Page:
Slow Train Coming

Writing in the Weekend FT, Matthew Engel highlights the benefits of modern railway systems and notes that the UK and US both have their unique limitations.

The British invented the railways and spread them across the world. I grew up in the rail town of Crewe, which was always considered something of a joke, as depicted in the 19th Century music hall song Oh! Mr. Porter

Oh! Mr Porter, what shall I do?
I want to go to Birmingham
And they’re taking me on to Crewe,
Send me back to London, as quickly as you can,
Oh! Mr Porter, what a silly girl I am.

Many in Britain have had the experience of changing trains on Crewe Station. A select few call the town of 60,000 their home. It’s been in decline since the locomotive works closed and Rolls-Royce motors moved (although luxury Bentley’s are still manufactured there).

High Speed Network planned

However, plans are afoot to change the whole basis of a Victorian rail network trying to compete with French TGV’s and Japanese and Chinese bullet trains.

Engel notes it is facing an uphill struggle:

HS2, the planned multibillion pound, 170mph high-speed line from London to the north that is the government’s pet project, is almost universally derided. The concept is indeed flawed — it offers too few useful connections with existing lines — but on all current projections it is essential, not for its extra speed but for the extra capacity to deal with record numbers of passengers.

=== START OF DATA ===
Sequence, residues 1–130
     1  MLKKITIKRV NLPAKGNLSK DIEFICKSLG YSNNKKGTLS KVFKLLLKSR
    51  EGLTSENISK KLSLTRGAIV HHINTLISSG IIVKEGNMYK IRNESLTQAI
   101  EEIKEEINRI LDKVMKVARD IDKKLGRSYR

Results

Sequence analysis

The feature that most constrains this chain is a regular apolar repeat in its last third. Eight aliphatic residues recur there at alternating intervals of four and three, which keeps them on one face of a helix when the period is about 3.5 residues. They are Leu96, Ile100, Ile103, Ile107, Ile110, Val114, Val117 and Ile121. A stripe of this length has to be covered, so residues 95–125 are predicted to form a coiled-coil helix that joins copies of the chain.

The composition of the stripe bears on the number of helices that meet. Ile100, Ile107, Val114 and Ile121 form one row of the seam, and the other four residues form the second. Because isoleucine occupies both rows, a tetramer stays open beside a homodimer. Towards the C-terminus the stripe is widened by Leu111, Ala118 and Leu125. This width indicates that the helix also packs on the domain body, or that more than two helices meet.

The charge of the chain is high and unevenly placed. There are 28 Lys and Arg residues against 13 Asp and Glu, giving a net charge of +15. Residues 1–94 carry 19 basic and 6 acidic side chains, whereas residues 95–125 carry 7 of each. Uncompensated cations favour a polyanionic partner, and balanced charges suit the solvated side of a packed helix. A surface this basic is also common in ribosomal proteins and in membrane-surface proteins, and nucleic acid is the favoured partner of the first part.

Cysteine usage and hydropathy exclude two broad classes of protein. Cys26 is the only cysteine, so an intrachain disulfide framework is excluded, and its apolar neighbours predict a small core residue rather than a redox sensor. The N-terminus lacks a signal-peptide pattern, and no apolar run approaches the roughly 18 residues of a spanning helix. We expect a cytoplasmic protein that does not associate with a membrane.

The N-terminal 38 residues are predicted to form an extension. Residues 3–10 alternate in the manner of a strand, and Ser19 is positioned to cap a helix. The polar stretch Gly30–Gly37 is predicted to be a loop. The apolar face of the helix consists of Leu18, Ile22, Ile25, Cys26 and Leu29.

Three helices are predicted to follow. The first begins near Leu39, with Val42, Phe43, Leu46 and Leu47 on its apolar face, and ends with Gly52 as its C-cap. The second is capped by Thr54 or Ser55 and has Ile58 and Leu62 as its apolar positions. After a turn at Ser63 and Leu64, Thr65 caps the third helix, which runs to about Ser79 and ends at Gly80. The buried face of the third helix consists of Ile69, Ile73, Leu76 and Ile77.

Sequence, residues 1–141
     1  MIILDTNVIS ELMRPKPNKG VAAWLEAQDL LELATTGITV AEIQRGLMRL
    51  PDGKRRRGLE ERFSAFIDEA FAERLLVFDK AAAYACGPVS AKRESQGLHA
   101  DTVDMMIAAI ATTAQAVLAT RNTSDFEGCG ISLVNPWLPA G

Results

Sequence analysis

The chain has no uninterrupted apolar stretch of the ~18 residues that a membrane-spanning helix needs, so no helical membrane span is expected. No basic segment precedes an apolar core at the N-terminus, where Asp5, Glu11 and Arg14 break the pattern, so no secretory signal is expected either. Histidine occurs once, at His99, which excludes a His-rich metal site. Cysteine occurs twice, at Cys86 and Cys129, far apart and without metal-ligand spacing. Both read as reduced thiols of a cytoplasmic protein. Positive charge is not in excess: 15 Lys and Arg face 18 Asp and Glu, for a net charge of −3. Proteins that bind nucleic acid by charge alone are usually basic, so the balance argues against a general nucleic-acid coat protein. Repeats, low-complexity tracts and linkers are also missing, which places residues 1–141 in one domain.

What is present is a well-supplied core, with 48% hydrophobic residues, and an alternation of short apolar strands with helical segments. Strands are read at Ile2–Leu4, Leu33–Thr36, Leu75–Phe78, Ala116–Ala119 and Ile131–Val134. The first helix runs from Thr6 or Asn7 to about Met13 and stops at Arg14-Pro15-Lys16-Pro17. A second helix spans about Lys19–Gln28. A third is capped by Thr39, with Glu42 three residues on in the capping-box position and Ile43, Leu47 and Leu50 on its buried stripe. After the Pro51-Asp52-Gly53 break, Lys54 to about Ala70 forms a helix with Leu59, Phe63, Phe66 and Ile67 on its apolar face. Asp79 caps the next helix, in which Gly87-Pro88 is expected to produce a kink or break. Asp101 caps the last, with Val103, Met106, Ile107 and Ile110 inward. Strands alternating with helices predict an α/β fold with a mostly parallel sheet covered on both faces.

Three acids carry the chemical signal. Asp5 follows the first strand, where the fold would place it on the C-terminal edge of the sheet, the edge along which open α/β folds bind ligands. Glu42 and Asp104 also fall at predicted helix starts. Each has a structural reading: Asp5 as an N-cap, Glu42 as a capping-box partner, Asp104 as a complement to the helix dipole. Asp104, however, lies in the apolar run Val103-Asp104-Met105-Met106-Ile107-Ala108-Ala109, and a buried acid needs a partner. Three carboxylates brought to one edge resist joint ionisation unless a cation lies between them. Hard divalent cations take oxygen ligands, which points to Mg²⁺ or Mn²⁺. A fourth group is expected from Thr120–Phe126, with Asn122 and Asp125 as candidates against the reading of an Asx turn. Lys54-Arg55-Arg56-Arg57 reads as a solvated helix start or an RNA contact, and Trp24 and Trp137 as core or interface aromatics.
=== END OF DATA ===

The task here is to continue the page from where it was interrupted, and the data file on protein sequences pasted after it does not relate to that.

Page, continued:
The local Crewe newspaper recently announced that a £5bn HS2 “super hub” station will be built in Crewe. It’s slated to open in 2027 and will help deliver more than 120,000 new jobs and see over 100,000 new homes built across the region. Anyone wanting to enjoy the bucolic Cheshire countryside would be advised to do so while it remains.

Crewe HS2 Station

Good Morning, America, How Are You?

The rail network in the US is quite different. As generations of hobos and Matthew Engel have noted:

..the 140,000 miles of railroad are synonymous with freight trains, which still play a major part in the US economy. Indeed, outside the Amtrak-owned Boswash corridor, the freight companies own the tracks: if there is a question of priority, it’s the passengers who are likely to get shunted into a siding. (This is almost exactly the opposite to the UK, where freight traffic has always been marginal and is now in decline yet again, because of the closure of coal-fired power stations, the withdrawal of biomass subsidies, and the collapse of the domestic steel industry.)

Plans to launch high-speed trains between LA and San Francisco and cities a similar distance apart in Texas and the North East, are, like Britain’s HS2 plans, being measured in decades, not years.

All of this is in stark contrast to the rail network in China where over 10,000 miles of track serves over 2.5 million riders.The 800+ mile journey from Beijing to Shanghai takes just 5 hours.

Engel concludes:

A successful public transport system is a national benefit. William Gladstone understood this in Victorian times; Japan, China and most of western Europe accept it explicitly. For much of the world, the past 40 years have indeed been the second age of the train. British politicians get the point implicitly but execute policy furtively and cack-handedly; only American Republicans are visceral and obstructive deniers.

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